Rather than being a sex-crazed film filled with flesh and sweat (that payoff came later in 2015’s Magic Mike XXL), Magic Mike is a restrained look at these men and their experiences wading into a traditionally female space. Its natural performances and cinéma vérité style camera work feel like we are flies on the wall of their lives and struggles. No other film this decade has chosen to approach the performance of the hypermasculine with such a sharp eye or such an honest heart. (DC)

 


The Hunt

The Hunt
There’s no doubt that the Danes know how to do drama. Nowhere is that more evident than in
The Hunt. Emotionally devastating, every minute of the film is a punch to the gut. Winning the Cannes Best Actor prize, Mads Mikkelsen gives the performance of his career as Lucas, a kindergarten worker accused of inappropriate sexual conduct by a young girl at school – who just happens to be the daughter of his best friend.  At times bleak and heart-breaking, Thomas Vinterberg and cinematographer Charlotte Bruus Christensen (who worked with Vinterberg on the equally stunning Far From The Madding Crowd) offer up the ultimate hygge look at Danish life. This uniquely Danish idea of contentment is at odds with the actions of Lucas’s formerly friendly neighbours as mob mentality begins to rule in the modern-day witch hunt. (RW)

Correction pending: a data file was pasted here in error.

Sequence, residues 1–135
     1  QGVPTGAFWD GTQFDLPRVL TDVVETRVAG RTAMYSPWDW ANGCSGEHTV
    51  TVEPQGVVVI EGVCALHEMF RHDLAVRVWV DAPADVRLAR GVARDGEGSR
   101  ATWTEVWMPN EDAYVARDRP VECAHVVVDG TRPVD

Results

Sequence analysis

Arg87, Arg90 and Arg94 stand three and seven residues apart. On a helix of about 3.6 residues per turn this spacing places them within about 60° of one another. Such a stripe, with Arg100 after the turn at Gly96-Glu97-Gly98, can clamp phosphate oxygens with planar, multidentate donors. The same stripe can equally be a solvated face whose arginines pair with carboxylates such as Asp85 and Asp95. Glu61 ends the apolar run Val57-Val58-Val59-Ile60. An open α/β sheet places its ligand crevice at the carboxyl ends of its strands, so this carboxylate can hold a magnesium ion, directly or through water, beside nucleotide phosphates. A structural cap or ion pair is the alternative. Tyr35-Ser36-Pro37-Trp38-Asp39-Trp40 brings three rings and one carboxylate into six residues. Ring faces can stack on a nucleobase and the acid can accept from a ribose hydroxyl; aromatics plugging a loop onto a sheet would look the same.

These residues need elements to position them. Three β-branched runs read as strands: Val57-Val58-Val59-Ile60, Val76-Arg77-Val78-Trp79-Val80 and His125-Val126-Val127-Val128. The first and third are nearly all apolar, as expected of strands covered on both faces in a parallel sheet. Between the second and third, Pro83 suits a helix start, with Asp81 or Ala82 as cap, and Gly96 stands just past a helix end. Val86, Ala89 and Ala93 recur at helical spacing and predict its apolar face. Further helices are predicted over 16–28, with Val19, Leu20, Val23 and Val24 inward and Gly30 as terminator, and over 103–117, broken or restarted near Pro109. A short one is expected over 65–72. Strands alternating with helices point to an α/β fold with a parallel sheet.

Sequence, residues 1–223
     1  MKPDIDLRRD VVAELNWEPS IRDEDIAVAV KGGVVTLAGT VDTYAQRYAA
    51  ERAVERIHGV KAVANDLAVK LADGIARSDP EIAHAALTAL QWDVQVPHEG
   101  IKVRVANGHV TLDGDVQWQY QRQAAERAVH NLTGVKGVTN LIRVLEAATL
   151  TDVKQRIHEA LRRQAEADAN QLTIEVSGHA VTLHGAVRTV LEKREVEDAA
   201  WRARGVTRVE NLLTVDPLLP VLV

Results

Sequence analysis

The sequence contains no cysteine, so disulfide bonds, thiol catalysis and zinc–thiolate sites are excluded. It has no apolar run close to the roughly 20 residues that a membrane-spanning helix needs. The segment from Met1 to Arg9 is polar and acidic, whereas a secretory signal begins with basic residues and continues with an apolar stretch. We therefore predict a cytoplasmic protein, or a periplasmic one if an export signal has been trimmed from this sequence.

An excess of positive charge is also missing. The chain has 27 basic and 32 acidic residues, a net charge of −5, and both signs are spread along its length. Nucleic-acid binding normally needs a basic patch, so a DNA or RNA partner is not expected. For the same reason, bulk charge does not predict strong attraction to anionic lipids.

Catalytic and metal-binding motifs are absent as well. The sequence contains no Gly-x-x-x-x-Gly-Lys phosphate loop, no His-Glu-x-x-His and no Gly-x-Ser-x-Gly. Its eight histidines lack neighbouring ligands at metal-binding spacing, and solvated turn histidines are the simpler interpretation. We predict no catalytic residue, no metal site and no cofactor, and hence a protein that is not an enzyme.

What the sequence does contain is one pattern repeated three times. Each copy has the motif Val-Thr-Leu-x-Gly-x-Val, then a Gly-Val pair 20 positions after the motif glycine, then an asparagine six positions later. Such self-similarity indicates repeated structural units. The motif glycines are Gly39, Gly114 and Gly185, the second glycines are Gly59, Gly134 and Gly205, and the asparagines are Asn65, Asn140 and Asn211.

The Master 

The Master
Paul Thomas Anderson has blessed us with several masterpieces over the course of two decades, but it is The Master that feels the most in touch with today’s times. Anderson’s mesmerizing film may be set in the 1950s, but it plays like a blueprint for the turbulent 2010s.  A decade where false prophets rose to power globally and facts no longer predicate what is truth. Featuring lush cinematography, a non-linear narrative and sensational performances by Philip Seymour Hoffman, Amy Adams, and Joaquin Phoenix, The Master is a fascinating look at how organized religion can manifest dangerous groupthink and infect a society.  Phoenix’s Freddie Quell, who feels like a spiritual precursor to his Arthur Fleck in Joker, knows that Lancaster Dodd, the spiritual guru of “The Cause,” is a charlatan. Dodd is a hustler just like him whose poison of choice is charisma rather than moonshine. However, Freddie is happy to defend him at all costs while it suits his needs.  Which perfectly sums up this decade in a nutshell. (CS)